Historical Map: Paris Metro Map, 1956
Transit maps today are created on computer, and printed with advanced technology. We think nothing of using many different colours, adding a drop shadow behind type, adding a gradient to the background, transparency effects - all things that state-of-the-art design software makes perhaps a little too easy.
As a contrast to these glitzy new-fangled maps, I present an antidote: a simply stunning, beautiful and ever-so-French map of the Paris Metro from 1956. It’s printed with just two colours, but a clever use of hatching and stippling allows the city limits, forests and the Seine to be shown with absolute clarity and elegant simplicity.
Have we been there? Yes, just not in 1956.
What we like: Elegant and simple. The two colours are beautifully selected and match each other perfectly and serve the purpose of the map well. Typography is gorgeous, with the suburb names - set in an elegant script - particularly standing out. Discreet numbering of the lines allows you to trace them relatively easily, even though they’re all the same colour. Historical interest with the inclusion of the gold Ligne de Sceaux - a line owned by the RATP that ran on a completely different gauge and with different rolling stock to the rest of the Metro. Much of it is now incorporated into RER Line B.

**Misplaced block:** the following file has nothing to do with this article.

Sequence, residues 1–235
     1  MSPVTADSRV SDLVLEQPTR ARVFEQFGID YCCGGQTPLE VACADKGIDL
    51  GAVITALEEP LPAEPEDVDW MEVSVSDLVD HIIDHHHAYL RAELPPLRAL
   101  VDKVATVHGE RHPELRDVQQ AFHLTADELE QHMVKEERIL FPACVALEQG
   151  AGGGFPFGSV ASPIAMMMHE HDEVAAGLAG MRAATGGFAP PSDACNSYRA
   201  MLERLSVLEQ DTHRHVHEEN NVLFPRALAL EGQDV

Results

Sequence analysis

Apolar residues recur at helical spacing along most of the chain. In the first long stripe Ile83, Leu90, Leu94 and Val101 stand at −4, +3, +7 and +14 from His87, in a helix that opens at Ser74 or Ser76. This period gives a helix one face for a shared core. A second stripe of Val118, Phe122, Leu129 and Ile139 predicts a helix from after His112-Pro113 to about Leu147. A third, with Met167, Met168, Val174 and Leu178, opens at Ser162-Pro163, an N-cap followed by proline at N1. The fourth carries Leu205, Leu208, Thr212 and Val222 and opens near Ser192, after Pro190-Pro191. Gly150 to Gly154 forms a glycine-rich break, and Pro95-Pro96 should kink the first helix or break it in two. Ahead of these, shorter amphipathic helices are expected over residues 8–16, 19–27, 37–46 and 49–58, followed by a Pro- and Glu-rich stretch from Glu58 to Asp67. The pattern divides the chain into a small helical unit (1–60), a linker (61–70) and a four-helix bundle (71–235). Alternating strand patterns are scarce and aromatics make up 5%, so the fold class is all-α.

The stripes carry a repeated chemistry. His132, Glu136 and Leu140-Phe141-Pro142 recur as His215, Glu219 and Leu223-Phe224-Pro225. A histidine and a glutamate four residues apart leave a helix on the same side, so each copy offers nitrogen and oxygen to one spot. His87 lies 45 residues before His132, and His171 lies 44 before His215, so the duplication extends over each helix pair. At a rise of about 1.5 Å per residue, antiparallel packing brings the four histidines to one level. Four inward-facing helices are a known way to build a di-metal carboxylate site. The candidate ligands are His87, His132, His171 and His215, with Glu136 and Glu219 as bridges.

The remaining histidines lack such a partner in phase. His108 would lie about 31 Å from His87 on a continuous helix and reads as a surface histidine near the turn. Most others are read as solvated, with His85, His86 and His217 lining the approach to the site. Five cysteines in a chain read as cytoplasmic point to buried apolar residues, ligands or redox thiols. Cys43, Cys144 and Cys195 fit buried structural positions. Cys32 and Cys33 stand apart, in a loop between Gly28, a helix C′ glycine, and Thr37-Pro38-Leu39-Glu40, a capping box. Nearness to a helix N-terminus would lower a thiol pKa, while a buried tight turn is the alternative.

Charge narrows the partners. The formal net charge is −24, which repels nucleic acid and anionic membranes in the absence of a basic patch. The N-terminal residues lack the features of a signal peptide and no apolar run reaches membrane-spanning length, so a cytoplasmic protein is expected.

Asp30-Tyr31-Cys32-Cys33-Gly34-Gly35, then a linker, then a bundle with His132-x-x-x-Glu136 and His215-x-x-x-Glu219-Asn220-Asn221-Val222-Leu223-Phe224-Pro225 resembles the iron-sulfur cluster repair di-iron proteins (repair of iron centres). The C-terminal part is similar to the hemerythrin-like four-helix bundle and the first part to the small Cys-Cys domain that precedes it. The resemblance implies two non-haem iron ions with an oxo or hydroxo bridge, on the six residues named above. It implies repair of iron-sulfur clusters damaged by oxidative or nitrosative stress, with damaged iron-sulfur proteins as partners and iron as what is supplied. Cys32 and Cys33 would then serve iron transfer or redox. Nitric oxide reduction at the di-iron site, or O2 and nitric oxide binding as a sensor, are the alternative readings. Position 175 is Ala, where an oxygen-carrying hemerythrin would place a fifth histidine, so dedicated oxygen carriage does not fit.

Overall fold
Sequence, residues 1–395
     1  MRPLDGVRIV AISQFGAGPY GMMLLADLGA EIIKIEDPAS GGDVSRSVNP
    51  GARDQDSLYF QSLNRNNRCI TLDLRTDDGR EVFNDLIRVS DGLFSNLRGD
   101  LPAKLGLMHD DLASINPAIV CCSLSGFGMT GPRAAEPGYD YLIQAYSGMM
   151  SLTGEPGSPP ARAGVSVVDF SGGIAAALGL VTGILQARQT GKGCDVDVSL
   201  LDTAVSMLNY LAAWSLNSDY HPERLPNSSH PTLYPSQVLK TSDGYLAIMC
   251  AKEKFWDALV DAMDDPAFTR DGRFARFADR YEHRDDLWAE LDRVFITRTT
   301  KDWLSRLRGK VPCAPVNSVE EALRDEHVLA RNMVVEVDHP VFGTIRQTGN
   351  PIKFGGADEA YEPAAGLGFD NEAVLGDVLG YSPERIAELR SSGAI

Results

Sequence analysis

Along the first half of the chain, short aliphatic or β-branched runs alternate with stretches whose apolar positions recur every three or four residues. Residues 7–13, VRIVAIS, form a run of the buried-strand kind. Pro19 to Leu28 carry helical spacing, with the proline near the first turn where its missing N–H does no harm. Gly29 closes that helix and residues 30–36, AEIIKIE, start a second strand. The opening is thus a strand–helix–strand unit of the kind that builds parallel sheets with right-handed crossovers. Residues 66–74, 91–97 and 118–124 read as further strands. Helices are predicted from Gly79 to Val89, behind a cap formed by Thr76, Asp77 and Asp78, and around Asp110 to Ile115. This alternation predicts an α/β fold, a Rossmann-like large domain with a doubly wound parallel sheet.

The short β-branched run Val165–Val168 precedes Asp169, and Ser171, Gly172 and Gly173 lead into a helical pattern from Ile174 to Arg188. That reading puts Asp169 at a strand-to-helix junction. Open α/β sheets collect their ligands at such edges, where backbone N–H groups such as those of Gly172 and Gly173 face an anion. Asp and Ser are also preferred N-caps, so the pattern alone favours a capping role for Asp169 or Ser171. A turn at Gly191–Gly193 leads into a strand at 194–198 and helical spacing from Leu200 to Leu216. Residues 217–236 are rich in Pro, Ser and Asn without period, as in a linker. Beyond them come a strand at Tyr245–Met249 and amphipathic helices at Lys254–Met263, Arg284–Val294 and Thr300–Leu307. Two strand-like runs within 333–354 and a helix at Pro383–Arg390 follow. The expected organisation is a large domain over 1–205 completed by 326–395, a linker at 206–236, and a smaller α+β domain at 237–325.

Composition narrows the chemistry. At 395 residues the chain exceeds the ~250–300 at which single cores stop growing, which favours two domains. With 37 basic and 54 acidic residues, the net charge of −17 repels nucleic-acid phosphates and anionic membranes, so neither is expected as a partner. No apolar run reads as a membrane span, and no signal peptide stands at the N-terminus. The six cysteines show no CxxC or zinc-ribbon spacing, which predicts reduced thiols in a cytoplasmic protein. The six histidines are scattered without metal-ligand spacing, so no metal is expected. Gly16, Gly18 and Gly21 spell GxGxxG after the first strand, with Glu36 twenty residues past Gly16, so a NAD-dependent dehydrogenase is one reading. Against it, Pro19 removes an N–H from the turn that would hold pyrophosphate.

What we don’t like: Incredibly minor nitpick: the ornate compass rose looks a little at odds with the stylish simplicity of the rest of the map.
Our rating: A shining example of simple, elegant, usable mid- 20th century design. Every element of this map serves a purpose. Does more with two colours than many modern maps achieve with unlimited colours. 5 stars!